NHC President’s Statement on Israel and Hamas
The National Humanities Center joins much of the world in condemning the ruthless October 7th incursion into Israel by Hamas. That this murderous rampage occurred, not in the occupied West Bank, but was visited upon peaceful citizens in unoccupied territory, renders this act even more senseless. The brutal hostage taking of innocent people, including young children and the elderly, is both barbaric and cynical. We also recognize that zealotry must not be met with equivalent zealotry if the cycle of violence in this fraught region is ever to cease. While we understand Israel’s right to defend itself against such atrocious hostility, we also hope this might be an opportunity to pursue justice and self-determination for the Palestinian people and to rectify the turn toward anti-democratic policies that only exacerbate inequities and distrust. The humanities always have fostered a culture of healthy, respectful debate which seeks to bring disparate perspectives into conversation and reconciliation. We urge the warring parties and their interlocutors to adopt this broader attitude so that violence and hate can be converted to concord and equanimity.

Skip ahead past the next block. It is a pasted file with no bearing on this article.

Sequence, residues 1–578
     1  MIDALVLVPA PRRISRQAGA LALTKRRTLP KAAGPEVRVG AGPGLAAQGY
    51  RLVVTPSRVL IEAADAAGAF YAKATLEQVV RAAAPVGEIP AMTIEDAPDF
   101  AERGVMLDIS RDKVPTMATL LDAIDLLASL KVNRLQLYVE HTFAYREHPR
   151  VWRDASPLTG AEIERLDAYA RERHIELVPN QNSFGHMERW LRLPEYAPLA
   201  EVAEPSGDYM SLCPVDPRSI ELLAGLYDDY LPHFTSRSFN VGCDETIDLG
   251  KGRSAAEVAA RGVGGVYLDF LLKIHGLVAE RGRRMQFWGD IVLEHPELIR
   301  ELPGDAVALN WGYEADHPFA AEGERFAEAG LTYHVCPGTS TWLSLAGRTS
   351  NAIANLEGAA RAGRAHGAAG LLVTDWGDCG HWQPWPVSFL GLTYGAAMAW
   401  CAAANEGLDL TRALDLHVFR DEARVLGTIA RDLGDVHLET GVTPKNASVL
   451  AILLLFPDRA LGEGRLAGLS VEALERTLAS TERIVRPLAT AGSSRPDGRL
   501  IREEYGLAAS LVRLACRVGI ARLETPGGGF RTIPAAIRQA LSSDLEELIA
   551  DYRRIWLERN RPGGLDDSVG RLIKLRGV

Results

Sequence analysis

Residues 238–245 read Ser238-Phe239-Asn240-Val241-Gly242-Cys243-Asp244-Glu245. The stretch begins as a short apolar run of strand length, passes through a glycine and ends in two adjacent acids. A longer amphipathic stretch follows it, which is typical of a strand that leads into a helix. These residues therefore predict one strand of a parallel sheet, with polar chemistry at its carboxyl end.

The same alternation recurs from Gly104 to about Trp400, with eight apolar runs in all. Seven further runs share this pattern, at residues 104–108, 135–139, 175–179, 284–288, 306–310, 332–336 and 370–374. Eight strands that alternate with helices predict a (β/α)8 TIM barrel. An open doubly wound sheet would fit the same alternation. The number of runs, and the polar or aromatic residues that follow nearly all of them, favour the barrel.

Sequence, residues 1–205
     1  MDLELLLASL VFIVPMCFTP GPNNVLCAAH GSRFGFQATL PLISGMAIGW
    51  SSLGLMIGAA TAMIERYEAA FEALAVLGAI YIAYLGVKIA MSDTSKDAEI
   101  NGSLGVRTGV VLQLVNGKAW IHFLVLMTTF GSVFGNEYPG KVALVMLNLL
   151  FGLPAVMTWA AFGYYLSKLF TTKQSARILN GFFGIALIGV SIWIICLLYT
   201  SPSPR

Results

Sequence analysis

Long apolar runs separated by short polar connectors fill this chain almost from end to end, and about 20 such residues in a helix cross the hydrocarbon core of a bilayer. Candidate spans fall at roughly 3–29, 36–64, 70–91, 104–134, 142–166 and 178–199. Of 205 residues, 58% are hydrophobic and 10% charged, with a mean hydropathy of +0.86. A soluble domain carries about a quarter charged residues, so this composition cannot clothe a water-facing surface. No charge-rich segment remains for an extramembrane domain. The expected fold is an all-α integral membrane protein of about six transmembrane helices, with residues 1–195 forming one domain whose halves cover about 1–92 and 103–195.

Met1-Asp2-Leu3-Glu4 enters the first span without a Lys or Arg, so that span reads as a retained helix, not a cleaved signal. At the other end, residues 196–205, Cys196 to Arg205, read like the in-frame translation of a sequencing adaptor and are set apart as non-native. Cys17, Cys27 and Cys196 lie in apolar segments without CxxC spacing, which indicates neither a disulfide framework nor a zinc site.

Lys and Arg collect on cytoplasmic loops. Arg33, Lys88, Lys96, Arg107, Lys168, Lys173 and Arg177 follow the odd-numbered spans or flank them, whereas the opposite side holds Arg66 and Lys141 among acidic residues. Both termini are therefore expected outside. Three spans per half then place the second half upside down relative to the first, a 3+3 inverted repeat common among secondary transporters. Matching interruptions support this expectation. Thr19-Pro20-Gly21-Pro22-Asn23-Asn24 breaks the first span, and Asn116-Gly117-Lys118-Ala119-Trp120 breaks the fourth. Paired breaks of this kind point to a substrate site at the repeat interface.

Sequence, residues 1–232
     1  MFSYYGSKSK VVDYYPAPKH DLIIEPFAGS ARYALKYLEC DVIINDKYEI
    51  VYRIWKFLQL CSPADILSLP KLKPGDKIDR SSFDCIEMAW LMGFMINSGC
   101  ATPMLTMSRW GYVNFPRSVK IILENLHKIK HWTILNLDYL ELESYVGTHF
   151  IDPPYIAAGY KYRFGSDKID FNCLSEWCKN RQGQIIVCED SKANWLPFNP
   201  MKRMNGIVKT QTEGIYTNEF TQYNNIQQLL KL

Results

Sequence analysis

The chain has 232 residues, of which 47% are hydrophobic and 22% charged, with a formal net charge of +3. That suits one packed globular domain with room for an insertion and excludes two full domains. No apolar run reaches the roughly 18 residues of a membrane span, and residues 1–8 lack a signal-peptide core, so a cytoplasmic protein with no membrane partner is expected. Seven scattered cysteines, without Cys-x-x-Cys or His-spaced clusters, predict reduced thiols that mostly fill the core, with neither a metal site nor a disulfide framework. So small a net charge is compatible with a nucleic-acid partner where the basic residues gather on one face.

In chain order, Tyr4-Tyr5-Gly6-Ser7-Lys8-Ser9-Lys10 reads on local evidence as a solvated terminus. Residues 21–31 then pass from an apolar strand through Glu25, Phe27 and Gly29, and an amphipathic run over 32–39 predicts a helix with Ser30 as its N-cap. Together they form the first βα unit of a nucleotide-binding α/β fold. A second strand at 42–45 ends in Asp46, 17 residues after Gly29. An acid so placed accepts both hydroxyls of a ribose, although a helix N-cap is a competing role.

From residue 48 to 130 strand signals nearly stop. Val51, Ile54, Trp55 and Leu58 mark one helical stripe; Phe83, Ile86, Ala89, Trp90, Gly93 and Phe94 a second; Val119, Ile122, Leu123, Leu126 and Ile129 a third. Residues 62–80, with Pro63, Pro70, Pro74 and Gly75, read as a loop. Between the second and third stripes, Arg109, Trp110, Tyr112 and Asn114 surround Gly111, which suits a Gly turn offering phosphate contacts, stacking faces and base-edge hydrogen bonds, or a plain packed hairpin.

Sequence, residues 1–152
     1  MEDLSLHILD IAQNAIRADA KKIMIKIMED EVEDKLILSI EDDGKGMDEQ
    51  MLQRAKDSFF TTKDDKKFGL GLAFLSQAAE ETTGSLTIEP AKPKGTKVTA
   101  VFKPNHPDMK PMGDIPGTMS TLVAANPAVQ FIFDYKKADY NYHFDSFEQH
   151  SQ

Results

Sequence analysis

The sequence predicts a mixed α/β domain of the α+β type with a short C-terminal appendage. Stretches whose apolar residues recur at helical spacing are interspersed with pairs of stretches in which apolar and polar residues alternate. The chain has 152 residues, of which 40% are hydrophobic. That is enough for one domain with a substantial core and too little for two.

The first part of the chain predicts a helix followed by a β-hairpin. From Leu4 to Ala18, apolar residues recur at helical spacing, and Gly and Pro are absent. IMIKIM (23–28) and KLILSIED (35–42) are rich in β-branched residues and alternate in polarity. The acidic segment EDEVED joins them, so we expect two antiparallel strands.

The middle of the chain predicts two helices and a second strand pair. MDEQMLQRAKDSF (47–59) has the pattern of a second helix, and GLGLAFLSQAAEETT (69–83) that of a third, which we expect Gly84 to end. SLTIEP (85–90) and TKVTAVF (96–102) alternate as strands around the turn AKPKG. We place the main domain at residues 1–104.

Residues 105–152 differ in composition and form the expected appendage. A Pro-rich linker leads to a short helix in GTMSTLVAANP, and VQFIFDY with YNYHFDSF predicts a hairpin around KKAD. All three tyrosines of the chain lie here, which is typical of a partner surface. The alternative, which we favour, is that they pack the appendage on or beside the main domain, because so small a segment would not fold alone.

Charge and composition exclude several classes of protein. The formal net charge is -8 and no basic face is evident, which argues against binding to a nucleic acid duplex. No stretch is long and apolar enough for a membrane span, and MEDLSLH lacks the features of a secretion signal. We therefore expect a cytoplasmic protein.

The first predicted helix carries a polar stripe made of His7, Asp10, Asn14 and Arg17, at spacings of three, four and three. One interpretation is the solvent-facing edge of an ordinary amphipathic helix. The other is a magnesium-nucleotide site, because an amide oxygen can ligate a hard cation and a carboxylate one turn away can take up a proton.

–Robert D. Newman, President and Director, National Humanities Center
Who We Are
The National Humanities Center is unique: a free standing national resource devoted to advancing significant humanistic study and reflection and to making those insights available both inside and outside the academic world. Learn More ›
Featured Research: Addressing Legacies of Injustice and the Effects of Bondage
In this issue we highlight the research of Fellows from the class of 2023–24 whose projects look at the immediate and extended social effects of incarceration, resistance in the midst of captivity, and efforts to confront persistent legacies of injustice that resonate to the present day. Learn More ›
What Are the Humanities?
Humanities research adds to our knowledge of the world, as scholars investigate differences between cultures and communities around the world and across time, consider the ways art is made and received, or unveil the undercurrents that have shaped history. Learn More ›